Even in Brazil, a country that is no stranger to crisis, the recent, rapid-fire succession of financial, economic and political blows has been breathtaking.
After a week in which the nation’s top young financier was thrown in jail alongside a senator -- pushing his bank into a struggle for survival -- and Goldman Sachs Group Inc. warned the economy was slipping into a full-blown depression, impeachment proceedings were initiated late Wednesday against President Dilma Rousseff.
Though the hearings will ultimately center on whether Rousseff violated fiscal laws, the root of her widespread unpopularity is the same that landed the banker, Andre Esteves, in jail and crippled the economy: an unprecedented corruption scandal that’s hamstrung the country’s biggest companies and triggered policy paralysis in the capital city. With gross domestic product now shrinking at an annualized pace of almost 7% and the budget deficit swelling to the widest in at least two decades, Brazil’s currency and local bond markets have posted deeper losses than those of any other developing nation this year....
Lower house speaker Eduardo Cunha said Wednesday night he accepted one of thirty-four requests to impeach the president on charges that range from illegally financing her re-election to doctoring fiscal accounts this year and last. Impeachment hearings could take months, involving several votes in Congress that ultimately may result in the president’s ouster. [emphases added]
This was four and a half months ago. Yesterday, Dilma Rousseff was finally impeached, and her senate trial will soon begin. Who knows if she'll be convicted and removed from power, because evidently half of the Brazilian congress that will be trying her are on the take in one way or another themselves, and I'm sure Rousseff can buy them off or otherwise influence the proceedings (or as she puts it, "fight").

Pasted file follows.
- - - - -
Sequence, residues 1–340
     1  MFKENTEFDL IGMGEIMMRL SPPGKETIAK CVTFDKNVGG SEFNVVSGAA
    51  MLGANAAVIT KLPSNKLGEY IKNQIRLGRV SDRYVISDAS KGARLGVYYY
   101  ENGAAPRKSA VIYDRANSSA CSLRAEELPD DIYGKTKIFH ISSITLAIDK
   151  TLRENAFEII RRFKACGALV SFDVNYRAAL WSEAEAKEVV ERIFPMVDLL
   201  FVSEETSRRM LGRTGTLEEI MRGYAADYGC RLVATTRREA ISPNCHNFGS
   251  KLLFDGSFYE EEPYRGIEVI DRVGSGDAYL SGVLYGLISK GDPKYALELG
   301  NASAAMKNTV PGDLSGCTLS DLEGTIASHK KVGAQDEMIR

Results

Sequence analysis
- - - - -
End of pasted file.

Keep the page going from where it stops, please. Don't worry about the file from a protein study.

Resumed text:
Sounds a lot like something Hillary Clinton would say, doesn't it?
Would - or, rather will - she ever have to battle impeachment proceedings against her? Hard to see now how such a situation could ever arise. She will take office next year with restored large Democrat congressional majorities, and after the extent to which Trumpmania has shattered the GOP, there will probably be no mid-term GOP comeback on Capitol Hill, nor any serious opposition to Mrs. Clinton's reelection in 2020. And if she keels over during that time, Vice President Julian Castro will take over without missing a beat.
In other words, the Brazilian government might be corrupt and the Brazilian people foolish, but they've got nothing on their American counterparts in either category.
All of which means that Dilma Rousseff picked the wrong country in which to be a corrupt old harridan, as her sister up north seemed to be implicitly telling her on multiple occasions over the past few years:
[Mrs.] Clinton pointed to Rousseff as a great example of an enemy of corruption.
“So we now have a chance to set a new global standard for good governance and to strengthen a global ethos of transparency and accountability,” [Mrs.] Clinton said as she wrapped up her remarks that day, according to a State [Commissaria]t transcript. “And there is no better partner to have started this effort and to be leading it than Brazil, and in particular, President Rousseff. Her commitment to openness, transparency, her fight against corruption is setting a global standard.”... [emphases added]
Here comes that Bizarro World vergito-inducing surreality again. You'd think I'd be used to that sort of thing by now.
You can see why I refer to Rouseff and Rodham as sisters: Greedy, megalomaniacal, power-mad, and, of course, card-carrying leftwingnuts. So of course one lied and the other one swore to it, and vice versa. It's almost as if the Empress was trying to insulate a Imperatriz against the wrath of the far more vigilant people of the latter's country. Something about which she doesn't have to worry in her own right in the slightest, beginning 277 days from now.